I don’t feel like a grown-up yet: Jaden Smith
Hollywood actor Jaden Smith talks about his transition from a child actor to a grown-up, reminisces about The Karate Kid, his love for music and his new albumhollywood Updated: Nov 08, 2017 16:39 IST
Just 19, Jaden Smith is already diversifying his talent by dabbling in multiple spheres. Other than acting in films, he is a rapper and even has his own clothes line. The star kid debuted with his father actor Will Smith in The Pursuit Of Happyness (2006), and later did films such as The Day The Earth Stood Still (2008), The Karate Kid (2010) and After Earth (2013) with his father again. Currently, Jaden is looking forward to the release of his new album. In an exclusive chat, he spoke to HT Café about being a star kid and juggling many avenues in his career.
Other than acting, you sing and rap as well. What interests you the most?
It depends a lot on what you working on and when you are working on it. If I was making say a Bollywood film, I would say I like acting better, because that is something I really want to do. If not, I would say I like making music better because then I get to go on [musical] tours. I think creativity comes to a person in so many different ways, that’s why it’s important to balance so many things.
Being a star kid, do you take advice from your parents about career decisions?
Yes, I do take career opinions from my parents. Not only my parents but also the people around me that I have worked with. I listen to elders, in general, as they have been through things that I haven’t and I might [in the future]. So, then it all becomes easier for me. You know it (being a star kid) was very different and I can’t compare it to anything else, because it’s all I have ever known. It is definitely very difficult but I just want to use this blessing to really make other people’s lives easier and spread light to other people.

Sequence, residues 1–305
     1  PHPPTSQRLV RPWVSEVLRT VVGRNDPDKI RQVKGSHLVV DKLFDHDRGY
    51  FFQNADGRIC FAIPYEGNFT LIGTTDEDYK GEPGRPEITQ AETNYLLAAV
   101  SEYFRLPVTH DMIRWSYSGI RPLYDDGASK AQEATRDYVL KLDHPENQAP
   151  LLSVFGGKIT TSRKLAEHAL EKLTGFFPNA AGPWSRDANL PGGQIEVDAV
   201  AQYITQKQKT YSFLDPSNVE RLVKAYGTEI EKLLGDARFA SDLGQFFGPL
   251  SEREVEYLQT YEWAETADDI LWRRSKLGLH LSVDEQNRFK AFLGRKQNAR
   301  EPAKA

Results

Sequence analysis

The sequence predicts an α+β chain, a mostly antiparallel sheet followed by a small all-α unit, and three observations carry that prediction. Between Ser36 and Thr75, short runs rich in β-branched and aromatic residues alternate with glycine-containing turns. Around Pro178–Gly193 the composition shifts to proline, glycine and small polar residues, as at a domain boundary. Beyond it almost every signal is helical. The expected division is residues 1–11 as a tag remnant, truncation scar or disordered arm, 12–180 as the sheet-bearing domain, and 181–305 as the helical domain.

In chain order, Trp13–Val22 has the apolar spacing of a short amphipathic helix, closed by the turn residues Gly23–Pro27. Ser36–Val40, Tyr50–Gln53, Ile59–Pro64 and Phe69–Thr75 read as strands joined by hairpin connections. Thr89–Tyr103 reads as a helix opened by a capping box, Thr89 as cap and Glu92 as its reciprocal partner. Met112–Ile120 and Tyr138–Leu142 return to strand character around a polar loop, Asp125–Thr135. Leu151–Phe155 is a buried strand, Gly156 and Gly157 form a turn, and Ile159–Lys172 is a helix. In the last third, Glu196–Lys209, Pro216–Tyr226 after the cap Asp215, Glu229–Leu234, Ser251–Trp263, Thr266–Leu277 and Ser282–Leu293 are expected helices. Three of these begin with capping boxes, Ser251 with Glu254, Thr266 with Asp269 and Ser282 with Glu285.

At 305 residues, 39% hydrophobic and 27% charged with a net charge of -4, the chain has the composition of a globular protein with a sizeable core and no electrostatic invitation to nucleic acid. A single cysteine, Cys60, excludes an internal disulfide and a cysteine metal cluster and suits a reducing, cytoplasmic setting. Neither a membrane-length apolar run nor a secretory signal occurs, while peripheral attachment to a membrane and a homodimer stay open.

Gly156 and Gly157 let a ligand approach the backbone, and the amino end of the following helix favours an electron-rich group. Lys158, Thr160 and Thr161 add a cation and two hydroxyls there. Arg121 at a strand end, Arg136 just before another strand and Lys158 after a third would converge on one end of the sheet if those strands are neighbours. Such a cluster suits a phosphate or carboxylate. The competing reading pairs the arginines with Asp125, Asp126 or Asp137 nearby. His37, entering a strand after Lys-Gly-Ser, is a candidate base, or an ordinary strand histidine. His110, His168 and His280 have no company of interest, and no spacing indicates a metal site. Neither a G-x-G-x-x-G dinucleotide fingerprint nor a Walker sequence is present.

EVERYBODY DIES, BUT NOT EVERYBODY LIVES https://t.co/mll1RRXD0n— Jaden Smith (@officialjaden) November 7, 2017
How has your transition been from doing roles as a child and roles as a grown-up?
The transition has been pretty easy. I don’t feel that I am that much of a grown-up yet, because I am only 19, and I don’t think I have taken that big leap yet. Perhaps, by the time I am 23, I will know. I started acting when I was 8 and I just turned 19, so I don’t really know how different it feels. Though I do feel as a grown-up because now we work a lot more hours than we used to as a kid.
Your new album is releasing in November. What can you tell us about it?
It is something that people, and especially the young people, around the world can really connect to. It is about being young and how difficult it can be sometimes, especially when you don’t have people and friends around you to talk about and the people get that. It’s like a young emotional album; it’s about the young lot of today so you know I’m really happy about its idea.
What do you remember about shooting for The Karate Kid?
I just remember living in Beijing, China for about four months and not being able to be home or study. Jackie Chan taught me a lot and it was a lot of fun shooting the The Karate Kid (To celebrate Children’s Day, Jaden’s The Karate Kid will air on Sony PIX). It was tough being so young and away from home. It was difficult, although exciting as well, to learn karate and kung fu which was new for me.
Have you been to India?
I have not but I have heard a lot about India. I am planning to visit India at around the beginning of next year. It will be a personal visit and should be fun. I want to hang out and get a feel of the place.
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